The Ozzie Guillen era in Miami lasted just one season. The Miami Marlins fired Guillen Tuesday. Picked by many to contend for a playoff spot before the 2012 season, the Marlins finished 69-93, in the cellar of the NL East.
Marlins President of Baseball Operations Larry Beinfest made the announcement. The Marlins still owe Guillen $7.5 million for the three years remaining on his contract. The team traded two minor leaguers to the Chicago White Sox last fall in exchange for Guillen, who had managed the White Sox for the previous 8 seasons.
"After careful consideration following the disappointment of the 2012 season, we decided to dismiss Ozzie," said Beinfest. "Our managerial search begins immediately and our hope is that a new manager, along with roster improvements, will restore a winning culture."
Guillen's tenure got off to a rocky start when he was quoted in Time magazine praising Cuban dictator Fidel Castro. The team suspended him for five games as locals called for him to be fired.
"That was a very, very hard situation for me and the people around me," Guillen said in September. "It was maybe the worst thing I ever did."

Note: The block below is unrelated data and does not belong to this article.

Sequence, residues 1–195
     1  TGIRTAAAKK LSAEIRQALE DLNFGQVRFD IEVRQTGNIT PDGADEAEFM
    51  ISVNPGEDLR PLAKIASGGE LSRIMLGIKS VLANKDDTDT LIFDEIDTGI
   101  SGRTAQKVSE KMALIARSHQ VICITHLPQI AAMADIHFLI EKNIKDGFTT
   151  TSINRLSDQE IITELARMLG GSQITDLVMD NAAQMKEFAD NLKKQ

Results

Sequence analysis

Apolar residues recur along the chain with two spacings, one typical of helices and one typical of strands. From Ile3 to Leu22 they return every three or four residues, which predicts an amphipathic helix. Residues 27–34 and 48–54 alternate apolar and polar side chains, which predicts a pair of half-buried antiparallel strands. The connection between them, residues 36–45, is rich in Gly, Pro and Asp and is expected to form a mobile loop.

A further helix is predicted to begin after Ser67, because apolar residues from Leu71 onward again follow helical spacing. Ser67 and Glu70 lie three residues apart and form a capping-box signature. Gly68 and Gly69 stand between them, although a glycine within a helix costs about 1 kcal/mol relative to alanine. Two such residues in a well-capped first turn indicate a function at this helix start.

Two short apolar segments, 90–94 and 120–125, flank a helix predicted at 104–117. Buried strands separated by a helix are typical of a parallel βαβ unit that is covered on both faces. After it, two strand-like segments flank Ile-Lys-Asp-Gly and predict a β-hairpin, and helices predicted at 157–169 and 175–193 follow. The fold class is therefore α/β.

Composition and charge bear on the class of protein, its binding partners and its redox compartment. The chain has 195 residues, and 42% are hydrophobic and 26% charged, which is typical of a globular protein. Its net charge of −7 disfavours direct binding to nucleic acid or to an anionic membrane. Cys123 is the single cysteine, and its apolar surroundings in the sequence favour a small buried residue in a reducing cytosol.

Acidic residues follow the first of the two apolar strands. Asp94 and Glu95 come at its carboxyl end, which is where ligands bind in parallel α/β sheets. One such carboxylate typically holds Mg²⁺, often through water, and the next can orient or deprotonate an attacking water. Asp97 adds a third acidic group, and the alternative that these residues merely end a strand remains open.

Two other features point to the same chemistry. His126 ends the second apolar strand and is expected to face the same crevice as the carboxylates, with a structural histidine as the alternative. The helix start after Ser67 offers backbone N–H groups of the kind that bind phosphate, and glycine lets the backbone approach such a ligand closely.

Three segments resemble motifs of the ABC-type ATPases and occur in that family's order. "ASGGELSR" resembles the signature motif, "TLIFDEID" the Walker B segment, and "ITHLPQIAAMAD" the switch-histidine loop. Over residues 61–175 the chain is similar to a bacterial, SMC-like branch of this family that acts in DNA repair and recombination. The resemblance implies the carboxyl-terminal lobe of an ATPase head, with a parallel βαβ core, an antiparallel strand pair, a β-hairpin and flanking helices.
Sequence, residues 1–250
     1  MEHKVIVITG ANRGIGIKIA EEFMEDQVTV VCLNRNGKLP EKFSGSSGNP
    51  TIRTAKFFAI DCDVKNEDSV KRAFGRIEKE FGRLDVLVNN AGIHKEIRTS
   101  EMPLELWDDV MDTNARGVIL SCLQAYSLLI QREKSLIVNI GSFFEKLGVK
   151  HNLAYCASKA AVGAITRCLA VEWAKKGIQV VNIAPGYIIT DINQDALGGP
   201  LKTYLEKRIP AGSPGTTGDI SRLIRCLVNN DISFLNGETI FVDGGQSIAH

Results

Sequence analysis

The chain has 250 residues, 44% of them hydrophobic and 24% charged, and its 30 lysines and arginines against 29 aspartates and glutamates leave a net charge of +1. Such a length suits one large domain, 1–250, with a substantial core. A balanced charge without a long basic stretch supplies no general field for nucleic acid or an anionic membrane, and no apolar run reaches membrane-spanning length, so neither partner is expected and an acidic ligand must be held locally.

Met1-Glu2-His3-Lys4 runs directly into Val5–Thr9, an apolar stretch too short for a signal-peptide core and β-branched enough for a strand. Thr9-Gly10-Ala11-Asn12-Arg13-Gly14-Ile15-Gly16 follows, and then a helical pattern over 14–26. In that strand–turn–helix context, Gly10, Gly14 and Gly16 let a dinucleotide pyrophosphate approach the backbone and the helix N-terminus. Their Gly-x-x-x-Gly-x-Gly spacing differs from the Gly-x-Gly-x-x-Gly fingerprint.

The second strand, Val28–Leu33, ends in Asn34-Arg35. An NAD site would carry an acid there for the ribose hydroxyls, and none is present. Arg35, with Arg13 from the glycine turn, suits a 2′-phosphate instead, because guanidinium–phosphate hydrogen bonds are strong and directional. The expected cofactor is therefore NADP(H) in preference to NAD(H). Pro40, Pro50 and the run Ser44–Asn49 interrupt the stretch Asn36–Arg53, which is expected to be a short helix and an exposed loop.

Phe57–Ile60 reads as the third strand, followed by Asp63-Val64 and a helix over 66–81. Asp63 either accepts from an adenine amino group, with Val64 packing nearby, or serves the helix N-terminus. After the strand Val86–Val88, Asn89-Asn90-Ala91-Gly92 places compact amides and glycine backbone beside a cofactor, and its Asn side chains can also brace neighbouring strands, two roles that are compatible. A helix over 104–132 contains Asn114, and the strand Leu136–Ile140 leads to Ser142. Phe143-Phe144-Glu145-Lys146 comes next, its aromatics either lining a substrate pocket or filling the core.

The Marlins recovered from a slow start in April to climb atop the NL East standings by the end of May. But that success was short-lived. The team went 8-18 in June, and their winning percentage continued to drop as the season wore on.
"We know Ozzie and when you live with someone for a while, you know Ozzie is Ozzie," Beinfest said about the decision to fire the outspoken Guillen. "Overall we were disappointed with his performance."
Guillen couldn't immediately be reached for comment, but his comments in the past few months did little to make his bosses happy.
"With the job I did this year, do you think I deserve to be back here?" he said on the final day of the season. "Of course not. But I'm not the only one. ... Let's start from the top. The front office failed, Ozzie failed, the coaching staff failed, the players failed, everybody failed."
Guillen also feuded with some of his own players. When relief pitcher Heath Bell criticized Guillen on local radio in September, he returned serve, saying of Bell, "I don't respect [Bell] as a person."
Bell was traded over the weekend, making it seem at the time like the team might save Guillen.
Whoever is tabbed to lead the Marlins next season will be the team's fifth manager since 2010. Beinfest said the Marlins are open to hiring a first-time manager, but did not mention any specific candidates.
"We're looking to win games, were looking for a guy who can extract the best out of our talent and it's all about winning," Beinfest said.